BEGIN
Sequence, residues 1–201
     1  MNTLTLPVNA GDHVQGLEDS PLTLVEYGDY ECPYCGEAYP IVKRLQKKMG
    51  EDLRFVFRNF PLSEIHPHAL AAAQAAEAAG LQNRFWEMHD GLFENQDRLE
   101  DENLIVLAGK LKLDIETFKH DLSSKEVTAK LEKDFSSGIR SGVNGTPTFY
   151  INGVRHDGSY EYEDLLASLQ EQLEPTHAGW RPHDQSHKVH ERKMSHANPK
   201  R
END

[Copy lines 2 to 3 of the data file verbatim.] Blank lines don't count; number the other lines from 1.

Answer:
     1  MNTLTLPVNA GDHVQGLEDS PLTLVEYGDY ECPYCGEAYP IVKRLQKKMG
    51  EDLRFVFRNF PLSEIHPHAL AAAQAAEAAG LQNRFWEMHD GLFENQDRLE